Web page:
Craig Jones is an incredibly successful grappler who is regularly placed among the best on the planet, popular worldwide for his exciting and attacking submission style, ever progressing wealth of knowledge, and incredibly likeable and humorous persona.
The grappling world has seen him rise to prominence through competing at the highest levels of the sport, collecting highlight reel victories over outstanding opponents and cementing himself as one of the most skilled practitioners on the globe. He is at the very least in the top five best grapplers on the planet, potentially number two (in a very on-brand way of course).
His association with the Danaher Death Squad and rapid progression with the team really opened the worlds eyes to his potential. And after forming B-Team Jiu-Jitsu and continuing to boost his massive following with consistently valuable online content, he truly has transcended the sport and become a household name, even appearing on The Joe Rogan Experience alongside UFC world champion Alexander Volkanovski and famously cornering him in his most high-profile fights.
Another aspect of Jones’ fame is his not-so-overlooked heritage. Being of Australian descent, he stands out on the world scene as part of his overall character comes from that classic Aussie banter developed through years of merciless back and forth exchanges with his closest family and friends.
It’s no secret, he comes from a land down under. More specifically Adelaide, South Australia. I too share this hometown with the elite grappler himself and wanted to share a unique perspective on Craig Jones that maybe, the world hasn’t quite acknowledged just yet.
In a time in this country where grappling was in it’s true infancy, a few clubs and academies started to pop up with some strange yet dedicated practitioners, all striving towards the progression of their own skills and attempting to take in any and all knowledge that was presented to them by their limited sources.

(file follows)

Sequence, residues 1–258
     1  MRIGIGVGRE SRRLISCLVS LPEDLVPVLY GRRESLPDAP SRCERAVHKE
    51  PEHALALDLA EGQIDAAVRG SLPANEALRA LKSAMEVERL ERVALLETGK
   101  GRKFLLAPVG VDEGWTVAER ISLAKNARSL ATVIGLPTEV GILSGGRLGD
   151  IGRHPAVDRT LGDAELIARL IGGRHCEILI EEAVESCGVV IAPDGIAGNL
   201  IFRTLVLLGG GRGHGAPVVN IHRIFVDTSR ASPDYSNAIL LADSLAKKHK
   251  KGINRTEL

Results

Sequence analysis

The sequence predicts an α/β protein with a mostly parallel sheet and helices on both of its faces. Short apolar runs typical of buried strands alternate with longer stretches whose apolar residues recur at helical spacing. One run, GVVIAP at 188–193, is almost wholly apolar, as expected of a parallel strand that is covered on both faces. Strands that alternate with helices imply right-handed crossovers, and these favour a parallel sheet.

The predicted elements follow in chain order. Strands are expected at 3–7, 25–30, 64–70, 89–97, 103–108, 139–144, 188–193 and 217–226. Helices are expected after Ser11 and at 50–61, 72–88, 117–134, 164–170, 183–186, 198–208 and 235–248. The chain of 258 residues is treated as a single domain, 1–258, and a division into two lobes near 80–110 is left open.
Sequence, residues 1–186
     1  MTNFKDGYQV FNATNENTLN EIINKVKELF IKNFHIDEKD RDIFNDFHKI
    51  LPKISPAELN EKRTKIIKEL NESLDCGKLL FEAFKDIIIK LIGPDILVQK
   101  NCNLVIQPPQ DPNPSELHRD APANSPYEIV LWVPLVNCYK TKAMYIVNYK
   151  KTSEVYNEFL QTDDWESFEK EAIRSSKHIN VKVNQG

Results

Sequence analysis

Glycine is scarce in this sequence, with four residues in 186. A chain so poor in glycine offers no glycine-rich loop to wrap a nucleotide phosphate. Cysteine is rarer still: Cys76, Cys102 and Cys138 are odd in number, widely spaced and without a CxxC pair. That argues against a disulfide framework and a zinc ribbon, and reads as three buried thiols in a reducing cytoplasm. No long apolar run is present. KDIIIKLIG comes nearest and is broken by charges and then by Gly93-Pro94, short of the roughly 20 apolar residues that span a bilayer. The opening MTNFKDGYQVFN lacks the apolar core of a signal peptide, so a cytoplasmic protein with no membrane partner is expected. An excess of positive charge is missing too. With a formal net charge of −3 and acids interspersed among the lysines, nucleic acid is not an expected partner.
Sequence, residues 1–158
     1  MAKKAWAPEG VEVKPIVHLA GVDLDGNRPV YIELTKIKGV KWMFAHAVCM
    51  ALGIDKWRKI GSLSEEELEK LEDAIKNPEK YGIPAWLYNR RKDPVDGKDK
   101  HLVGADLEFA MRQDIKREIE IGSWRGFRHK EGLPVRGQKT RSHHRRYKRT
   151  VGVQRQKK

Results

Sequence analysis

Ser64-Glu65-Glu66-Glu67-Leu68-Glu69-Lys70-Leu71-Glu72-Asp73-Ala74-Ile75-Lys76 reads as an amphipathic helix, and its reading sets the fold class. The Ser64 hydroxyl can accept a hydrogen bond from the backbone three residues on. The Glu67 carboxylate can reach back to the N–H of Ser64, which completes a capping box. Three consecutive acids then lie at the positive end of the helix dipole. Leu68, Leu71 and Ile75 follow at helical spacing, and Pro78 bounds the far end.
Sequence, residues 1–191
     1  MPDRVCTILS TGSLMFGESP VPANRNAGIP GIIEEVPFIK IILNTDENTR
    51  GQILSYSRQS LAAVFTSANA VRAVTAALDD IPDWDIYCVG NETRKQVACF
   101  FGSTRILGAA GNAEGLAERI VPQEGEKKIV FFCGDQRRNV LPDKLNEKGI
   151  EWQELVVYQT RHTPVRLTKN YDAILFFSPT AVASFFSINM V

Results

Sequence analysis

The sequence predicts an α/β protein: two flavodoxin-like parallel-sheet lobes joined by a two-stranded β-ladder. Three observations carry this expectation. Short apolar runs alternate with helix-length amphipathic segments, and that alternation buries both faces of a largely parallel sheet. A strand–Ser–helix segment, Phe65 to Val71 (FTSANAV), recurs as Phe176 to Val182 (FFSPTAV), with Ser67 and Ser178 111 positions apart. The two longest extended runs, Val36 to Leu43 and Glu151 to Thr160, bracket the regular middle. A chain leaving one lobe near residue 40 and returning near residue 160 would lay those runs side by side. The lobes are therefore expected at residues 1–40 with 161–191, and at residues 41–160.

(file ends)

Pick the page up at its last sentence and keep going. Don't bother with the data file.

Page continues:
Even though I started slightly before Craig Jones and his brother Adam, and wasn’t from the same club, it was instantly obvious that he had the makings of an elite grappler. It was not long before he started entering every competition he could and dominating the scene, including dominating me personally from time to time, an experience I have yet to shake from my darkest nightmares. Jones, along with close training partners at the time Lachlan Warne and Lachlan Conway were putting it on the line at every turn, breaking the mould and seeking the most relevant and modern knowledge they could get their hands on from Ryan Hall instructionals to underground secret Berimbolo tactics, drilling them tirelessly to perfect a new wave of educated techniques.
Jones was known at the time for a sharp Z-Guard and Triangle Choke attacking strategy that he was able to hit on absolutely everyone whether in gi or no gi. He created a system from the position that he was able to transplant and replicate into many areas of his game, creating a process based approach to technique development long before John Danaher introduced him to systemized approach to grappling.
What I want to state is that this journey, this rise, this overnight success story that the rest of the world was not privy to, in our eyes from the hometown perspective: was not easy at all. For those who were paying attention, we witnessed Jones take one hard step after another other to reach the heights that he has today. He had to make self funded trips to the USA to compete at NAGA events with no dollarydoos to his name, simply to get the competition experience and exposure necessary to actually improve. There was no instructional video sales money coming through, no seminar bookings or merch related passive income, it was all blood sweat and tears… and beers… that got them through (also talent and hard work if you haven’t gathered that).